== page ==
Colombians were attracted to the cleanness of the sport, the spirit and accessibility. “Teams are like family,” Illidge explains.

But Peru is different. It has no representative in Latin America’s ultimate association. “They don’t sell frisbees in Peru,” Illidge says. That alone has curbed the game’s popularity. There are small groups in Lima and Cusco, fuelled by larger expat numbers and an open-minded younger generation, but elsewhere in the country—in Arequipa, for instance, famously the intellectual birthplace of Mario Vargas Llosa—the sport is all but nonexistent.

Yet there is still interest, particularly among the city’s youth and other foreigners, and that has allowed Illidge’s team to grow. It all began after a few teenagers from his church asked what his tattoo meant. He explained the game and asked if they wanted to learn. Later on, a Venezuelan man named Pablo found the team, bringing more discs and experience that helped teach the Peruvian kids the rules of the game. Gradually the kids improved; they began practising in a yellow-grass field next to a cuyeria, a restaurant specializing in deep-fried guinea pig, that sits across from several acres of farmland. I’ve personally arrived at that field to find it populated by stray dogs, sheep, drunk Peruvian men and, once, in January 2016, a small herd of cows that had recently left large, wet piles of shit everywhere. Weeks later, we moved to a green-grass outdoor stadium where the father of two young team members is the field caretaker. They live there, in a white concrete box off to the side of the field, beneath a Catholic church with a 50-foot-tall statue of Jesus.  


Illidge’s dream, a three-year plan, is to create a frisbee school in Arequipa. Though he has no designated field, few cones and not enough discs to go around, he’s hoping to set up free after-school programs and demonstrations to get the public interested. When I ask him how he plans on finding new members, he shrugs. “I’m not a marketing expert,” he says. “What do you think I should do?”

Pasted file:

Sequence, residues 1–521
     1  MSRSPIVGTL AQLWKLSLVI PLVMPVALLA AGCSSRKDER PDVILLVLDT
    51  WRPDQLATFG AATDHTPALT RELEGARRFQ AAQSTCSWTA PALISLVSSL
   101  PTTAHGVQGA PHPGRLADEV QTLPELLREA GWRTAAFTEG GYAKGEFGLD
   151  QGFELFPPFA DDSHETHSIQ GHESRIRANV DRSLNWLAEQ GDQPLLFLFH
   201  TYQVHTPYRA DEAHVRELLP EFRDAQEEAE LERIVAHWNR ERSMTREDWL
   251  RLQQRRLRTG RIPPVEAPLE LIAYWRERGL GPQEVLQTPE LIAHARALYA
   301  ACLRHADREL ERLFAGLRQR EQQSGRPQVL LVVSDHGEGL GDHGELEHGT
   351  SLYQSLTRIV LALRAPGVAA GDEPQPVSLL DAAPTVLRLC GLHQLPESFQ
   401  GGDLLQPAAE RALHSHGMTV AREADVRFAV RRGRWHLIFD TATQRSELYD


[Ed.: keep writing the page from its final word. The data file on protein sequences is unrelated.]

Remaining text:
Fostering a community in Peru is tricky. It’s still largely a pre-Internet culture, and most communication is handled by word-of-mouth. (If you want to rent an apartment, a good bet is to walk around your desired neighbourhood and ask shopkeepers.) Lima is a 16-hour drive north from Arequipa, and Illidge has only played there once, challenging any meaningful national  cooperation. He once put up posters in Tacna, a dry border town near Chile, but nobody responded.

Despite all this, his Facebook group has grown to include more than 60 members—even though rarely more than 10 show up each week. It’s a modest but confident start, mostly evolved from people he meets at church. The closeness of the team reflects that—these people did not find each other because they share a superficial love of the sport, but rather because they began as friends.

In that way, it’s fitting that Illidge is growing Arequipa’s frisbee scene out of a church; his two passions are not mutually exclusive. You have to play the sport honestly, he says. Although there is no physical referee, you play as if you believe someone is looking down upon you. “You can’t lie. You still have to play by the word of God,” Illidge says. “It reminds me of Him.”

As we wrap up our conversation in the fried-chicken restaurant, I hand Illidge a battered regulation frisbee I’d brought with me from Toronto. “Una donación,” I say, and he smiles and thanks me. He’s always looking for more discs, more players, more support. He tells me he’s planning a trip back to Columbia this summer, and though he’s looking forward to seeing his mother for the first time since his wedding, and to playing some ultimate with his old teammates, the trip comes with one major bonus: when he gets back to Peru, he’s bringing new discs.

Michael Fraiman is the online editor of Outpost Magazine, a Canadian travel magazine. His debut book, “A Long Way Back: Stories of Travelling Home,” is available on Amazon.